Yes, that's good. But you can't have two threads accessing the same data at the same time, which is called a race condition. It means one thread can write some data and the other thread reading it at the same time, resulting in data corruption among other things...
I never use multi-threaded code this way so I'll take your word for it. Usually I give my threads complete ownership over inherited data ie I try to avoid directly sharing data, but then my use for threads is probably a bit different than others.
I meant suitable Windows API. There's no good function to release a lot of data at once.
I presume you mean there is no suitable API for a GC in C++? It's not an all or nothing proposition really. I choose to make all new classes children of the GC class so that new is automagically GC'd for them. I otherwise don't touch what I use from std and avoid using new with these objects. I also use new (GC) for raw low level array allocation. Works for me so far and is not particularly complicated.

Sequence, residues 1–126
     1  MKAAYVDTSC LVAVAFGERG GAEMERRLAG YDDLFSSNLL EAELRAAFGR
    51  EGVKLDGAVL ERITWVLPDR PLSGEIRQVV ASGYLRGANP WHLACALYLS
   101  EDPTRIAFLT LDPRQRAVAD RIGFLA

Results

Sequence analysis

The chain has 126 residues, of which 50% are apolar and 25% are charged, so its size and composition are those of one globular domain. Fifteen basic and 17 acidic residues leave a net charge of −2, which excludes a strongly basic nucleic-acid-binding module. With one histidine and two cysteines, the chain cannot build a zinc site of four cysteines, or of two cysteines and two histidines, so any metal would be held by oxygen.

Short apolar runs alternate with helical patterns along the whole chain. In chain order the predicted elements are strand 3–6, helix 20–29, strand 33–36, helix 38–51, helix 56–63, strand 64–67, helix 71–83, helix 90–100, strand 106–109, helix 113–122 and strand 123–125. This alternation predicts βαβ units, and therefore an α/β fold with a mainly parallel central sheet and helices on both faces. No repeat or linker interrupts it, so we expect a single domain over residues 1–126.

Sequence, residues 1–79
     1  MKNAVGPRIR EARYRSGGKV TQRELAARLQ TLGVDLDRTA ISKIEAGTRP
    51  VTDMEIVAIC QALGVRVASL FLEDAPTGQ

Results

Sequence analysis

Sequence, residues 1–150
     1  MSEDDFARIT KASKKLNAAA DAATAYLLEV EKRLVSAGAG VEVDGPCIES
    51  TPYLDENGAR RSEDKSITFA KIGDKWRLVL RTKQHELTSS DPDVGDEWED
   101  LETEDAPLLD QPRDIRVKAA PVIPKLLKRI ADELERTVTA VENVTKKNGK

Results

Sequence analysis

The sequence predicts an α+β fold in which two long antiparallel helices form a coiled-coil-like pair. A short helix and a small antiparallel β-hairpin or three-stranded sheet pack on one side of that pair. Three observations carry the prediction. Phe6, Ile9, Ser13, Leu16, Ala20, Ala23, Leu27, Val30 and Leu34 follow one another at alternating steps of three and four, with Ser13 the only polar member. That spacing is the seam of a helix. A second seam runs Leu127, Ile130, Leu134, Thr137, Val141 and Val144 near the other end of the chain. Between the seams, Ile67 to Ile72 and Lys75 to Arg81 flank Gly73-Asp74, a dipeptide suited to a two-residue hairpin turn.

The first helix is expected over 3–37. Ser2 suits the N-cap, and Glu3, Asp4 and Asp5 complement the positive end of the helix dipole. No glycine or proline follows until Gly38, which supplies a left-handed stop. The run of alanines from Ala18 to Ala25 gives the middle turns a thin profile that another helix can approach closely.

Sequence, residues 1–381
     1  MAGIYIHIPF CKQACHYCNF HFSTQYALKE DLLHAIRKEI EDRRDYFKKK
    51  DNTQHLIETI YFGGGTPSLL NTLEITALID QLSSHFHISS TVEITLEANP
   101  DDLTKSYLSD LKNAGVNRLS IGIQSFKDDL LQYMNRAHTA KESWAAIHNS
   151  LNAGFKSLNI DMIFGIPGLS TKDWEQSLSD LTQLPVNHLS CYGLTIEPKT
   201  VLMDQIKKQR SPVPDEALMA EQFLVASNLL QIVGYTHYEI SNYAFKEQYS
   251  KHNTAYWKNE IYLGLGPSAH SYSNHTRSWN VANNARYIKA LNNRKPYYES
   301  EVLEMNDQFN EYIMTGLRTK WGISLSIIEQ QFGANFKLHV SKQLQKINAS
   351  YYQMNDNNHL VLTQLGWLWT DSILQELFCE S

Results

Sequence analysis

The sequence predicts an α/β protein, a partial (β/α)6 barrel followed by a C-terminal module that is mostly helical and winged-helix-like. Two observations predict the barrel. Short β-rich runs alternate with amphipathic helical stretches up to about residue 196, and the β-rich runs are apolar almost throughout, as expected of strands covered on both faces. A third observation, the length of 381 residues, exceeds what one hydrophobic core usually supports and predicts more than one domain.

What's complicated actually are the crazy semantics of C++. Once you understand it, it's not so bad, and I'm even starting to enjoy it. However it's quite a bit easier and more productive to program in languages with a built in GC. Compare say, Java, D, or some of the functional languages such as Haskell, Ocaml or even Lisp/Scheme.
Other than D, however these languages underperform computationally and D is not yet mature enough to have good development and debugging tools. Thus C++ is still pretty attractive (especially if I can have a garbage collector too :) ).